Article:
Climbers are occasionally troubled by their unjustifiable acts. They are, after all, seeking out environments of hardship where none exist naturally in their lives. A tent-bound reading of Zola’s Germinal induces an episode of First World guilt in Peter Boardman. “Unlike the miners in France… struggling for daily survival against harsh physical conditions,” he writes, “[Tasker] and I were here seeking a survival situation…. Our adventure was a pampered luxury that we could afford to enjoy, it was pure self-indulgence.” It is only a brief moment of introspection, and yet Boardman is a veritable Socrates compared with his colleagues. When Reinhold Messner returns to Nanga Parbat a year after his disastrous trip, the mountain villagers are eager for him to solve the puzzle they’d been mulling all winter: “Why had I had to go over the mountain and not around it in order to get from one valley to the other?” Messner offers no answer. Nor does he seem particularly intrigued by the question. After a lively conversation in sign language and broken Urdu, the author peels off his socks for a toes-and-stumps display. “The peasants contemplated me with shaking heads.” His readers join them.

Despite the peril, one closes these books not with a heightened respect for the high peaks and the people who climb them but with a peculiar kind of sadness. The ever more extreme lengths to which Reinhold Messner & Company must go to challenge the mountains only drives home the realization that in the postindustrial world, at least, nature has lost much of its mystery and danger. Writers like Boardman, Tasker, Simpson, and Messner go out looking for a struggle. They find ways of replicating the trappings of a fight for survival–the insurmountable challenge, the physical agony, the mental steel, the courage to face death–without quite discovering an underlying purpose that makes it all worthwhile. They climb to discover the “new frontiers” of the human mind, to test the limits of the body’s endurance, to peer into the dark crevasse of death, but succeed only in performing a parody of discovery. In their books, the enduring theme of man against nature is reduced to a staged fight.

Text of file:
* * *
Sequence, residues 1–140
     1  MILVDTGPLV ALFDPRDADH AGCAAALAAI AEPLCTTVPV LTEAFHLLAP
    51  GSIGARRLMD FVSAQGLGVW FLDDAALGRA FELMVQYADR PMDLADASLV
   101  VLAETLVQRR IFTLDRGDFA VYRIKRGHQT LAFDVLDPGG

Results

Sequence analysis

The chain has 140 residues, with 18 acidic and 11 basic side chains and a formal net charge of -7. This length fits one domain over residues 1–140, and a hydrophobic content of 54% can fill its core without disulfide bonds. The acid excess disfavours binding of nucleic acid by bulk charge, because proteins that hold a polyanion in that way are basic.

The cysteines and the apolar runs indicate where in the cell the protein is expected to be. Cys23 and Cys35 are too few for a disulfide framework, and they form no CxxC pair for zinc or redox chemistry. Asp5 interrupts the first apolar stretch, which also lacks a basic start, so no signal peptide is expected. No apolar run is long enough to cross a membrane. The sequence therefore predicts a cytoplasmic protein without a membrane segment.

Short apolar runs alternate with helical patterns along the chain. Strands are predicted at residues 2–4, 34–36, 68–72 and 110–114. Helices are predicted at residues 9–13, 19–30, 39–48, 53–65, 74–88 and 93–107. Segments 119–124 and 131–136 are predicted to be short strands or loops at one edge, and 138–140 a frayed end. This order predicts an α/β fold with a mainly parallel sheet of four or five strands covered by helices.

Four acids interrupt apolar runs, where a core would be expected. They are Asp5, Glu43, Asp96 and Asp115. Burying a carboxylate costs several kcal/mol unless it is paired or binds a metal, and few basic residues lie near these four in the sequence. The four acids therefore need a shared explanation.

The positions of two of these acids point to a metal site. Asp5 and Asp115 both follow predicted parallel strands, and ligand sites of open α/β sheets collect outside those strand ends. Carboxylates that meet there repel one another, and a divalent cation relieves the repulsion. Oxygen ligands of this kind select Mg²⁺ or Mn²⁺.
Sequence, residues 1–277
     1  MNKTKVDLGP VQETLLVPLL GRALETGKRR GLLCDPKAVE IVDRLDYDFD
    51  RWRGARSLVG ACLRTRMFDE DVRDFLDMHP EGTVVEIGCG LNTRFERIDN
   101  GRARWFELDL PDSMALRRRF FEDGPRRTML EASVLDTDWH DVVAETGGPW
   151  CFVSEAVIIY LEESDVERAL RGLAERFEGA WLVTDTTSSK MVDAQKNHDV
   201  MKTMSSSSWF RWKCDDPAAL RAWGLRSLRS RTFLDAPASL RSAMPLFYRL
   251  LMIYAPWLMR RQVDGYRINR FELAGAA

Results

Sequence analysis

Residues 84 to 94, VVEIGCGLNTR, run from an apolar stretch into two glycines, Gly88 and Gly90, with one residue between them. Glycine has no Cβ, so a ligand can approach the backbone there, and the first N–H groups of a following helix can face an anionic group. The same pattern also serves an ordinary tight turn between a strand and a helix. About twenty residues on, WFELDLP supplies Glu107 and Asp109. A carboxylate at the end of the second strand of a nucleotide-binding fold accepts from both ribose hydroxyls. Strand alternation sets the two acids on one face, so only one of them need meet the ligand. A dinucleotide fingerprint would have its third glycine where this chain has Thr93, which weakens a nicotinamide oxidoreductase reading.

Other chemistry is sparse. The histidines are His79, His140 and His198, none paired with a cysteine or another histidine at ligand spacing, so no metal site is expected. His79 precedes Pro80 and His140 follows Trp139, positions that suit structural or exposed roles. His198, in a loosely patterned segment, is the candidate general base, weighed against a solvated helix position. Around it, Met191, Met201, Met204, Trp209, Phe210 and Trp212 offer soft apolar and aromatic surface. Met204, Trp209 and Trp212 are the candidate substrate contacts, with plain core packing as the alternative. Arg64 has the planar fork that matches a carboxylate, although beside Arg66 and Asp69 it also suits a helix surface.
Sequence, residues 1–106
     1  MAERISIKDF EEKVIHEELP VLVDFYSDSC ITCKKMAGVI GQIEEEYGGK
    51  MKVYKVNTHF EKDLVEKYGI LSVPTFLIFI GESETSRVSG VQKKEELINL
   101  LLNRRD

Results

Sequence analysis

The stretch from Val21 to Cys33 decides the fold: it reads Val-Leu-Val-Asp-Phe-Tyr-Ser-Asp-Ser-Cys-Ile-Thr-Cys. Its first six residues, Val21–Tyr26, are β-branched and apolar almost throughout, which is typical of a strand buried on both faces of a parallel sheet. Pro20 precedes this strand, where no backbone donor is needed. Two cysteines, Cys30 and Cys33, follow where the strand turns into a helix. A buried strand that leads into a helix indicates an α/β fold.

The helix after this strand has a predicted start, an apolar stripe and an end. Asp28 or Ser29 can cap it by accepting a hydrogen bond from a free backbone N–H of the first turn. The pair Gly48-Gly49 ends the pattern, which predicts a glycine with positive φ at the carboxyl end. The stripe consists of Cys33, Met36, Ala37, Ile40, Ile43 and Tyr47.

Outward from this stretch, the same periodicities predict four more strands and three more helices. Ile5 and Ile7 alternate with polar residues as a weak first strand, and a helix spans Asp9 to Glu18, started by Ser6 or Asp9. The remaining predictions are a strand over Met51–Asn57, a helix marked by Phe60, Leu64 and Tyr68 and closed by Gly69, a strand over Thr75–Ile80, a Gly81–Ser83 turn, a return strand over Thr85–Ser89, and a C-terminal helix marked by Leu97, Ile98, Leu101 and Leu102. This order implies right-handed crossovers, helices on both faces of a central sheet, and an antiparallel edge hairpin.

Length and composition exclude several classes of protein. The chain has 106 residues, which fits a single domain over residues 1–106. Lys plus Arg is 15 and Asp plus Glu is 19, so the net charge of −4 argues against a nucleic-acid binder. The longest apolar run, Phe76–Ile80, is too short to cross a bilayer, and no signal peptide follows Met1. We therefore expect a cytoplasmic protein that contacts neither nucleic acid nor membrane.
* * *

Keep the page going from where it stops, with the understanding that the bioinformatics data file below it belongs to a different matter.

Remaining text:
Read the whole thing here.

“People are more magical than the iPad”

Scott Heiferman

Scott Heiferman, CEO of Meetup

Watch Us! See Us!
Download us! Join us!
Friend us! Contact us! 
 Follow us!

Enough about “us”!
It’s a false sense of membership.
It’s an illusion of engagement.

What about connecting them
to each other?
You’ve got followers. Now what?

I just discovered this presentation (below) by Scott Heiferman, CEO of Meetup, which he delivered at the 2010 Personal Democracy Forum. Scott makes some great points about the dynamics of groups, and about why people belong to them. His general argument (listen for his “Erins are everywhere” riff) is a wonderful refutation of what John Fahey, CEO of NGS, told me back in 2006: Nobody wants to belong to anything.

Evidently they do:

cc: Robert Michael Murray, National Geographic’s VP for Social Media

The Magazine withers away….

The barriers to entry keep coming down

From MediaShift:

Once Magazine, a “visual storytelling” app for the iPad, is a new showcase for photographers’ work and related multimedia. The app provides three cohesive photo essays, each with an array of high-resolution photos that are united by narrative text and supplemented by other features, such as infographics and audio clips…

Starting with the next issue, photographers published in Once will receive a cut of the magazine’s revenues. …

Read more here.

The Once Magazine website is here.

The future is here

We’ve been waiting for a moment like this:
A National Geographic executive who sits down for a video interview
about our Society’s digital future.

The executive is John Caldwell, NG’s President of Digital Media.
The future is games, iPad apps, millions of Facebook fans,
and digital subscriptions to NGM that cost $15 to $20 per year.

(The introductory rate for the print version is $15.)

Give it a listen, and let us know:
Are you inspired?

NO NEW POSTS will be published here after February 6, 2014. THIS IS WHY.